Patent Citations
Cited PatentFiling datePublication dateApplicantTitle
US4726237Jun 19, 1985Feb 23, 1988Sequoia-Turner CorporationFluid metering apparatus and method
US4726932Sep 21, 1984Feb 23, 1988Contraves AgSpeciman analysis
US4896546Jan 11, 1989Jan 30, 1990Coulter Electronics, Inc.Liquid metering and transfer valve assembly
US6240984 *Mar 8, 2000Jun 5, 2001Gilson, Inc.Foot seal for liquid handler
US6872361Jun 28, 2001Mar 29, 2005Coulter International Corp.Dual pad liquid shear valve assembly
US20020172617May 15, 2002Nov 21, 2002Seido BiwaHas a sample quantifying function to analyze a given sample safely and sanitarily; for analysis of particles in a liquid sample
US20030099577 *Apr 3, 2001May 29, 2003Philippe RenaudDevice for dispensing accurately-controlled small doses of liquid
US20050118061Nov 24, 2004Jun 2, 2005Sysmex CorporationAccurate, stable signal detection; eliminates expanded air errors; quantitative fluid measurement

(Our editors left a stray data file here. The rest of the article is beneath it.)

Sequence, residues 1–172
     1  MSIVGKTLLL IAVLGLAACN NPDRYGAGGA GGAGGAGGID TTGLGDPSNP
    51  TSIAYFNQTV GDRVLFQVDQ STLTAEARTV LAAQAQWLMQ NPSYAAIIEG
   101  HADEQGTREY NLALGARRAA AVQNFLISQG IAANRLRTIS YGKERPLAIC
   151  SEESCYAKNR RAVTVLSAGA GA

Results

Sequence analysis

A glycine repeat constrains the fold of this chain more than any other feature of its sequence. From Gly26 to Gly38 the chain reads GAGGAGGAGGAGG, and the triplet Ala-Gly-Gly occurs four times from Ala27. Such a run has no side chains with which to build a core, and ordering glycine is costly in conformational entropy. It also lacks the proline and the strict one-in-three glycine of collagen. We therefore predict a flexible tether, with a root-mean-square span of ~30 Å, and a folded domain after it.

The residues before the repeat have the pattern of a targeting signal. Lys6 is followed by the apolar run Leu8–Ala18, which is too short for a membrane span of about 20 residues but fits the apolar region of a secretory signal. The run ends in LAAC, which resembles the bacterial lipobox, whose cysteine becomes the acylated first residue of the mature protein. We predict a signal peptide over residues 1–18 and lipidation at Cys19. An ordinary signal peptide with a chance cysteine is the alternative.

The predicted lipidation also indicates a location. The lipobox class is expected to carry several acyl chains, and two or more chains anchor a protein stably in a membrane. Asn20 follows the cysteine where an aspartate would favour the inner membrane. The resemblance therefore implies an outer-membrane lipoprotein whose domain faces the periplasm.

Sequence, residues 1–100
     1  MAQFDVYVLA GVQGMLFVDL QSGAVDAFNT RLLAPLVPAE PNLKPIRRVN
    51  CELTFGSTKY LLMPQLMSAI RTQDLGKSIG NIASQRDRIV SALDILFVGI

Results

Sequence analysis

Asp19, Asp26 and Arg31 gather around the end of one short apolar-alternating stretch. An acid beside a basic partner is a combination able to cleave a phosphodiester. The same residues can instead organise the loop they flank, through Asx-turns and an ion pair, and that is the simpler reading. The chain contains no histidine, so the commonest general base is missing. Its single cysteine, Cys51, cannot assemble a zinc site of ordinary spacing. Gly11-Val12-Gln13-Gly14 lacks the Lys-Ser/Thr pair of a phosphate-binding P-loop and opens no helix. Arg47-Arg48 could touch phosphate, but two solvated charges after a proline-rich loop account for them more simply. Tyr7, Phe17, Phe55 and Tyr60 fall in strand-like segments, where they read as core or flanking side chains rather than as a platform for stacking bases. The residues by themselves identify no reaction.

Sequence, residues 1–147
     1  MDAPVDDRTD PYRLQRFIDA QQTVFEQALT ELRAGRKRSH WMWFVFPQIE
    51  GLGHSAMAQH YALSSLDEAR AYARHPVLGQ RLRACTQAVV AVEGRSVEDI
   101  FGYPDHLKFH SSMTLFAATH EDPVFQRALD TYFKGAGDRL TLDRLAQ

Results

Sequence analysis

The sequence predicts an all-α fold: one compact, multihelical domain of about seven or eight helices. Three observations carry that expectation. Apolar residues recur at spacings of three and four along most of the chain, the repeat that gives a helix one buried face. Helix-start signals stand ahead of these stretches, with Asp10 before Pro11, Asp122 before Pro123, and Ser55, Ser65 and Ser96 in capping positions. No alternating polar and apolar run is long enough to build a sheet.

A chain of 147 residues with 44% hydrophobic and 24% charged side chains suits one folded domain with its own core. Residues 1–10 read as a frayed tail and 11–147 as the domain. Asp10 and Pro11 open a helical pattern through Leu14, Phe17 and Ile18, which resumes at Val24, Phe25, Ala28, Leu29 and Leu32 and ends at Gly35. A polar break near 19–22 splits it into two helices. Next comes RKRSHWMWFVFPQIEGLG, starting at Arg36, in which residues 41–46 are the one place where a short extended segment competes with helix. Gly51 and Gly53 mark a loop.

JPH07137702A Title not available
WO1998022797A1Nov 17, 1997May 28, 1998Andersson TommyDiluting and measuring device for particle counting
WO1999001742A1May 29, 1998Jan 14, 1999Berndtsson IngemarDisposable sampling device for particle counting apparatus
WO2003044488A1Nov 18, 2002May 30, 2003Ingemar BerndtssonDisposable apparatus for use in blood testing
Referenced by
Citing PatentFiling datePublication dateApplicantTitle
US8178057May 18, 2010May 15, 2012Boule Medical AbApparatus for filling a sample volume defining device
Classifications
U.S. Classification436/177, 422/93, 436/180, 222/335, 436/53, 222/399, 422/404
International ClassificationB01L99/00, G01N35/10, G01N1/38, B01F11/00, G01N, B01F5/06, B01F13/00, G01N1/18, B01L3/00
Cooperative ClassificationB01L2400/0644, G01N2035/1034, B01L3/0293, B01L3/5027, B01F5/0683, B01F5/0689, B01L2200/0605, B01L2400/065, B01F11/0071, B01F13/0059
European ClassificationB01F5/06F4B2, B01L3/02H2, B01F13/00M, B01F11/00L, B01F5/06F2
Legal Events
DateCodeEventDescription
Oct 15, 2012FPAYFee payment
Year of fee payment: 4
Oct 21, 2005ASAssignment
Owner name: BOULE MEDICAL AB, SWEDEN
Free format text: ASSIGNMENT OF ASSIGNORS INTEREST;ASSIGNOR:BERNDTSSON, INGEMAR;REEL/FRAME:017849/0820
Effective date: 20051004